This sermon was delivered at our Shavuot Shabbat service on June 7th, 2024. You can watch a re-recording on Mishkan’s YouTube channel or listen on Contact Chai podcast.

Last week I was in Washington, DC with the Interfaith Alliance — a coalition of clergy and lay people advocating for inclusive democracy and the maintenance of healthy boundaries between religion and government. This organization was started thirty years ago in response to the Religious Right, to provide a political counterpoint to Christian evangelical leaders like Pat Robertson and Jerry Falwell who claimed that they represented the only authentic voice of faith in this country. It’s a role that has only become more necessary. It is not just that faith has been weaponized against our schools and libraries, access to abortion, the safety of the queer community (especially trans and nonbinary folks) — but the Religious Right, in addition to championing conservative values, has cast themselves as the last line of defense for the moral rectitude of this country. It’s great PR. And it is dangerous for our democracy.

And so I found myself at a conference center near Capitol Hill with a couple hundred people from across the country and across faith traditions. I sat next to folks from Wyoming, Alabama, Florida, Vermont, Hawaii (including someone who went to the same high school as me), Georgia, and Massachusetts. I ate meals with Buddhist priests and Protestant ministers. I chatted over coffee with a research fellow from the Muslim Public Affairs Council and the head pastor of the largest LGBTQ-affirming UCC church in the country.

Jews have blessings for everything (or nearly everything). For bread, wine, and candle lighting. For seeing a rainbow or the first blossoms of spring. For hearing thunder, or good news, or that someone has died. There is also a blessing for seeing a strange or unusual person: Barukh atah Adonai eloheinu melekh ha’olam m’shaneh ha’briot — blessed are you, source of all things, who makes creatures different. Looking around the room, I was reminded of this blessing. How remarkable and rare it is to see people of exceptionally different backgrounds coming together for a common cause.

Because the people that the Interfaith Alliance had gathered at the capitol were really, truly different. Living in my generally progressive corner of Chicago, I not only forget how broad the spectrum of political and religious beliefs are in this country — but how wide the range of opinions can be within shared identities. I was reminded that a Democrat from the North Side is not the same as a Democrat from Laramie. I found myself holding differences with people about gun ownership, the reliability of mail-in voting, the benefits of health interventions for trans youth, and — yes, of course — the ongoing tragedies in Israel and Palestine (probably less surprising to those who know me, I was to the left of folks on all of these things).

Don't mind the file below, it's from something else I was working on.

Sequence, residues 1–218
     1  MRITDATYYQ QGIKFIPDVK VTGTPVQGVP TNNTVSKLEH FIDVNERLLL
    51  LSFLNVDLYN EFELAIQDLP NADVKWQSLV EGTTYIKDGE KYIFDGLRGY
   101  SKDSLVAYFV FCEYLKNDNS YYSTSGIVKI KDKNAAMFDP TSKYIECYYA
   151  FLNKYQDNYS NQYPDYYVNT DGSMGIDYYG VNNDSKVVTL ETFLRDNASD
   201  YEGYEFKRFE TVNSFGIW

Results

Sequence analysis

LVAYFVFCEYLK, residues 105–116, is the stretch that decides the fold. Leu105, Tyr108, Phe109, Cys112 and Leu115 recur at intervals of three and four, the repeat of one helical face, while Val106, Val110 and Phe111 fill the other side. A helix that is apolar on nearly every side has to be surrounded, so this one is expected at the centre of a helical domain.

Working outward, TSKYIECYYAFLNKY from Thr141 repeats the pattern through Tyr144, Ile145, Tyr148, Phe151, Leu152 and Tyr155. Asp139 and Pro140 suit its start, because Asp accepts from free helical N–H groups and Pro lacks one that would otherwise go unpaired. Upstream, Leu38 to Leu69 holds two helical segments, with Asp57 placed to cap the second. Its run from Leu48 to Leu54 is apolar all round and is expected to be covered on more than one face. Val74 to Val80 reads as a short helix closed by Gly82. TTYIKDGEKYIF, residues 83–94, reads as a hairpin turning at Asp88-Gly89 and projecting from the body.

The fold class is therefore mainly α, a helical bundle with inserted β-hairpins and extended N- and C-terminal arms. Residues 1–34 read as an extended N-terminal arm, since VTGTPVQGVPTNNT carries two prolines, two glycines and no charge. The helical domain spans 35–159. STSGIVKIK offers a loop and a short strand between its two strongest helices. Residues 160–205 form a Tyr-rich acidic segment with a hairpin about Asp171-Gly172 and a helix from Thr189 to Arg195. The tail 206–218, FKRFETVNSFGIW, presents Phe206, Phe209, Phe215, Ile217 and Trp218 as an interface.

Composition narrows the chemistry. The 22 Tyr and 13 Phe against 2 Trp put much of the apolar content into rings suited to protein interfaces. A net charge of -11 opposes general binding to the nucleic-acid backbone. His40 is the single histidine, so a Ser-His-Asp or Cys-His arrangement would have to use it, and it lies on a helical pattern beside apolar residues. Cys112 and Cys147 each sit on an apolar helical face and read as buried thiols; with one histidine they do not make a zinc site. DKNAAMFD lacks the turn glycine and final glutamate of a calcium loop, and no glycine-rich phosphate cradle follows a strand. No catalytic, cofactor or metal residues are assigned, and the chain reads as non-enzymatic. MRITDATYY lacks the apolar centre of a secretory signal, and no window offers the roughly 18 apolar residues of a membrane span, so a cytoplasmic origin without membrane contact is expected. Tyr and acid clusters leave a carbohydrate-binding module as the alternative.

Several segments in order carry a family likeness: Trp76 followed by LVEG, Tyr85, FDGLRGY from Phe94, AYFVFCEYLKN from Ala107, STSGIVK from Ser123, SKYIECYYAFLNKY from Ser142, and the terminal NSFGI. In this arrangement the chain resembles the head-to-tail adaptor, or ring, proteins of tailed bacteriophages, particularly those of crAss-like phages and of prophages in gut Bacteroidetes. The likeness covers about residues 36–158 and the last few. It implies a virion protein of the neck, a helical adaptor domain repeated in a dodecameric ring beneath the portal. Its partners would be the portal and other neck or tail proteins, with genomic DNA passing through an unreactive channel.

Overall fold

Yet when we were called on to lobby our congresspeople about legislation aligned with the mission of the Interfaith Alliance, people were able to set aside their (many) differences and speak with one voice.

I’m going to admit that I’m one of those folks who finds Washington, DC inspiring. The monuments, the memorials, the soaring marble facades of our government buildings – it makes me want to believe in the American Dream: that this might be a place where all people have the fundamental rights of life, liberty, and the pursuit of happiness. Of course, we know that this idea has not yet been realized – now, or at any point in the past 246 years of this country’s existence. But something about walking those storied boulevards, seeing smiling school children on field trips to the capitol building, meeting with aides and staffers who are so sincere, so earnest about their jobs – it made me feel like that dream might actually be possible.

In many ways Washington, DC is our nation’s Mount Sinai: the place where people have gathered to dream bold visions of what might be and what we might become. I think it’s important to revisit these places, to be reminded – in a world that seems so broken – of the hope that we must remember and keep, shamor v’zachor, lest we give in to despair. Jews have been returning to Mount Sinai for thousands of years. It’s built into our calendar with the holiday of Shavuot, a celebration of receiving the Torah (aka our founding documents) and with it a vision of the promised land: a better future that we can reach, if only we commit to the long journey that it will take to get there.

Our tradition teaches that revelation was a shared experience, our people standing together at the base of the mountain to receive the Torah. We are told they spoke with one voice, v’ya’anu khol ha’am yachdav – and the people answered as one, saying: all that God has spoken, we will do. And not just those who were there, but every Jew who was and who ever will be. Recounting this moment in the Book of Deuteronomy, Moses says that this covenant was made with all who were standing with them that day and all who are not standing with them that day. The rabbis ask: who are those that are not standing with them that day? Every future generation of Jews and every future convert who chooses to join the Jewish people. Standing at Sinai, we were one — all ages, all abilities, all gender expressions, all Jews: past, present, and future.

Yet even as we experienced revelation at the same time, we did not experience it in the same way. The rabbis teach on a peculiarity of a verse from Exodus: “And all the people, who had gathered at Sinai, witnessed the thunderings” — why “thunderings,” in the plural? Rabbi Yochanan — a Talmudic sage — teaches that when God spoke, the divine voice divided into seventy tongues and each of those into seventy languages so that everyone could understand revelation according to their ability, from old and wise to the infant who had not yet been weaned. Each person was given a unique fragment of revelation, an experience of Sinai that only they could perceive. This is why Jews traditionally learn in chavruta, in partnership; to reach a better understanding of the world, we need to encounter perspectives different from our own.